Evanston Farmers’ Market finishes 45th season


Natalie Wu/The Daily Northwestern

Josiah Klinedinst of J2K Capraio selects cheese for a customer. Market attendees stocked up on food for the winter at the last Evanston Farmers’ Market of the season.

Natalie Wu, Reporter

Shoppers came from all around, entering the market nestled between two tall buildings and a parking garage. Myra Gorman, the market manager, scurried around making sure everything was compliant with COVID-19 protocol.

“Sir, you need a mask,” Gorman said, pointing at an unmasked shopper. “Put your shirt over your mouth.”

Thousands turned up to shop at the last Evanston Farmers’ Market of the year on Saturday. This year, the market looked a lot different as organizers worked to implement necessary health protocols. Arrows guided shoppers in a safe and efficient manner, while shoppers were asked to stand six feet apart when in line.

While Evanston will not have an indoor market this year due to COVID-19 restrictions, some vendors will move to the Logan Square Farmers Market in Chicago to sell goods through the winter months.

Gorman said the crowds were typical for a busy day at the farmers’ market, as vendors see an average of four to five thousand shoppers every Saturday. But the 70 degree weather was out of the ordinary for a November market, she said.

“Because the weather is so good, I think we’re getting a lot of people coming up to the last day,” Gorman said. “If it was a normal November, it’d be 20 degrees; you’d only get the diehards here.”

Lines for stands snaked left and right. Attendees stocked up on fresh produce for the winter while others enjoyed the fresh air with their friends, eating food they had just purchased from one of the dozens of nearby tents.

Gorman said many visitors purchased root vegetables and bread to freeze for the winter. Josiah Klinedinst, owner of the farmstand creamery, J2K Capraio, said he’s also noticed people buying his cheeses in bulk.

Rebecca Gu and Nathaniel Davis, shoppers who drive to Evanston from Chicago every week for the market, were also focused on food that would last. Gu said she planned to store away squash and blanch greens to freeze and enjoy throughout the season.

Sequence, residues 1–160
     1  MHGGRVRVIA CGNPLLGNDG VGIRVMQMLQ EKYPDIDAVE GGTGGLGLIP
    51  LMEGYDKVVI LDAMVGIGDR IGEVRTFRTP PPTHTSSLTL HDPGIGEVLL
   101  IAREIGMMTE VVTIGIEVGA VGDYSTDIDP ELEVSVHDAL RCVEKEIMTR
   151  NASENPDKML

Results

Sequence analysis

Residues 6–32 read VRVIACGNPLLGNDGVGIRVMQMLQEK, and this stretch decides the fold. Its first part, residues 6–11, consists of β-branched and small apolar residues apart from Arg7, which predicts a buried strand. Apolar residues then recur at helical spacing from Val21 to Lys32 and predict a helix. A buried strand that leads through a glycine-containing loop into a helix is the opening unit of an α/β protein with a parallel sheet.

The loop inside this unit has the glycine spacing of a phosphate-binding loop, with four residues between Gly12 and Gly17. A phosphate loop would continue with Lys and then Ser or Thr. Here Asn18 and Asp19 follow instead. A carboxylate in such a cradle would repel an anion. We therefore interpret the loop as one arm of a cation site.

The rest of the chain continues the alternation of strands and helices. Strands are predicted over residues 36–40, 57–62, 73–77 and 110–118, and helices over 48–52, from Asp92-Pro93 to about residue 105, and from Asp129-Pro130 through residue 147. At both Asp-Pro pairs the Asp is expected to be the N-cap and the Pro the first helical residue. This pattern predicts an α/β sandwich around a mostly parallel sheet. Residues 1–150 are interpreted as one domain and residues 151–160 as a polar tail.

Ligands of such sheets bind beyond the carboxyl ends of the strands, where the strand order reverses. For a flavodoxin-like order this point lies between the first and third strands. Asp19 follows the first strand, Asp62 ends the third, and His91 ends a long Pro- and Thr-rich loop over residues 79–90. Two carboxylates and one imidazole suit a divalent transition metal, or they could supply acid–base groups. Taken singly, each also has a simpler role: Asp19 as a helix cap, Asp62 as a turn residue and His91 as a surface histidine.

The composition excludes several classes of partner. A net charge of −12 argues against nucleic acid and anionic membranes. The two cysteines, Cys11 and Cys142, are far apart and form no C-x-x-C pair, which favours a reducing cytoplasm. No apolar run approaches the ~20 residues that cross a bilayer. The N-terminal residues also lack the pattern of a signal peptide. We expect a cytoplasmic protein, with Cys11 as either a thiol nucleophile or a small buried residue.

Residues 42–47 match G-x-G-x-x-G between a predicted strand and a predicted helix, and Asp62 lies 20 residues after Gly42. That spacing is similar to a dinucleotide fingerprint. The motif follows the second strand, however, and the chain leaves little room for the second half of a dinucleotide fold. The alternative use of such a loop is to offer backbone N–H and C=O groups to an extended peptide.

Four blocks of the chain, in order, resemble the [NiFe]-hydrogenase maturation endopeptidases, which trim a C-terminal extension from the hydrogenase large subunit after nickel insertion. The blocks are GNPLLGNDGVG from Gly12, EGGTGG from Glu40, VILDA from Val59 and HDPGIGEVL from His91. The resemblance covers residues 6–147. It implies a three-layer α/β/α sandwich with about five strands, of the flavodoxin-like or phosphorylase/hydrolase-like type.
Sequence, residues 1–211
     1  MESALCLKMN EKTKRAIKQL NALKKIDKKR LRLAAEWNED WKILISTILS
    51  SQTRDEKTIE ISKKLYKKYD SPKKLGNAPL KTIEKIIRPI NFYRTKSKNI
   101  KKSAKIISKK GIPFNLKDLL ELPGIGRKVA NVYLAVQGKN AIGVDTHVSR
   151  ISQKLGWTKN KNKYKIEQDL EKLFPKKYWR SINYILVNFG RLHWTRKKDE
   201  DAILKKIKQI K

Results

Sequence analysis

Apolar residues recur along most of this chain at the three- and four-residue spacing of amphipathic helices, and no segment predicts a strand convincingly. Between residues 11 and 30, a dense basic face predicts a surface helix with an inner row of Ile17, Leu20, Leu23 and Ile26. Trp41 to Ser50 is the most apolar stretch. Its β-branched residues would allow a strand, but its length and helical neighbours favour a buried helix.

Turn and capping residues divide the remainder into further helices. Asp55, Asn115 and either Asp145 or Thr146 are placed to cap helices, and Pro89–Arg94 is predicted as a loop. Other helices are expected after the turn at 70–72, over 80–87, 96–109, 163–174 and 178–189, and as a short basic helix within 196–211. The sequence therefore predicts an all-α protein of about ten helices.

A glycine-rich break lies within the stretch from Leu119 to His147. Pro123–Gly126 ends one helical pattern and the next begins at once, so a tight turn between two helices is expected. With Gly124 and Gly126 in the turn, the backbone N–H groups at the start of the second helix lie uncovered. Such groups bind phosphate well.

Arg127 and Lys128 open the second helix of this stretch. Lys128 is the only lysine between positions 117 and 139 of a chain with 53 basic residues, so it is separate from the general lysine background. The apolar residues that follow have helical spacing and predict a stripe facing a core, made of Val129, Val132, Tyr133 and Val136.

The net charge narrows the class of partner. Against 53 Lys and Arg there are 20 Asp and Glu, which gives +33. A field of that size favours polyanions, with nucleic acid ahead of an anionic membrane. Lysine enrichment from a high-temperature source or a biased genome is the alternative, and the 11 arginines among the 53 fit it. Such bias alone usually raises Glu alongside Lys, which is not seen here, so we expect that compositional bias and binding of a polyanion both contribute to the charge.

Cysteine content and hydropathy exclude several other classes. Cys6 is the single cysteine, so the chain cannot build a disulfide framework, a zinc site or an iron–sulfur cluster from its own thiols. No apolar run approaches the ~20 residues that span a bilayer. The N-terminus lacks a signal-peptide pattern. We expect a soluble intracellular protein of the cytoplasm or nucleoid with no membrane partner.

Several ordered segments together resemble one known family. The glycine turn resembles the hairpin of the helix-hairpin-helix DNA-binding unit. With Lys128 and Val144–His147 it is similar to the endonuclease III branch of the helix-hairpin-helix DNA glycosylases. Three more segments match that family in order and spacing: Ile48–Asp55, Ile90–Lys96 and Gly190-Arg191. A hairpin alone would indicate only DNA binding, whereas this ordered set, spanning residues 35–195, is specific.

She and Davis might even try to make some kimchi with their purchases — a dish they’ve only “unsuccessfully” attempted before.

For Gu, attending the Evanston Farmer’s Market has been the “highlight of the pandemic.”

“It’s become a routine for us,” Gu said. “We haven’t missed a single Saturday since the first market.”

While this is their third year in attendance, going to the market has taken on a new meaning amid the pandemic. Cooking has become one of their main hobbies during the pandemic, and the market provides quality ingredients for their recipes.

In a normal year, Evanston would switch over to indoor markets for the winter season. However, Gorman said it would not be possible this year, as the small space and high crowding could potentially facilitate COVID-19’s spread.

However, for those still looking to stock up on locally grown produce, there will be one last farmers’ market in the city, held on Nov. 21 at the First Presbyterian Church of Evanston.

In light of the cancellation, some vendors, like Klinedinst, will move to the Logan Square Farmers Market in Chicago at 3107 W. Logan Blvd.

“The neat part about this winter market is that they’ve opened it up and welcomed vendors from all the summer markets here, so there’s going to be a wide variety of opportunities,” Klinedinst said.

Overall, the Evanston Farmer’s Market’s 45th season has been a great success in spite of the pandemic, Gorman said. In a Facebook post, Gorman said while next year’s format is uncertain, she will make the market happen come spring 2021.

Klinedinst, a first-time vendor, said he’s looking forward to the outdoor market’s return next year.

“Our family and our business appreciate the support,” said Klinedinst. “It allows us to keep doing what we love most, and that’s making good cheese.”

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Twitter: @_nataliewu_

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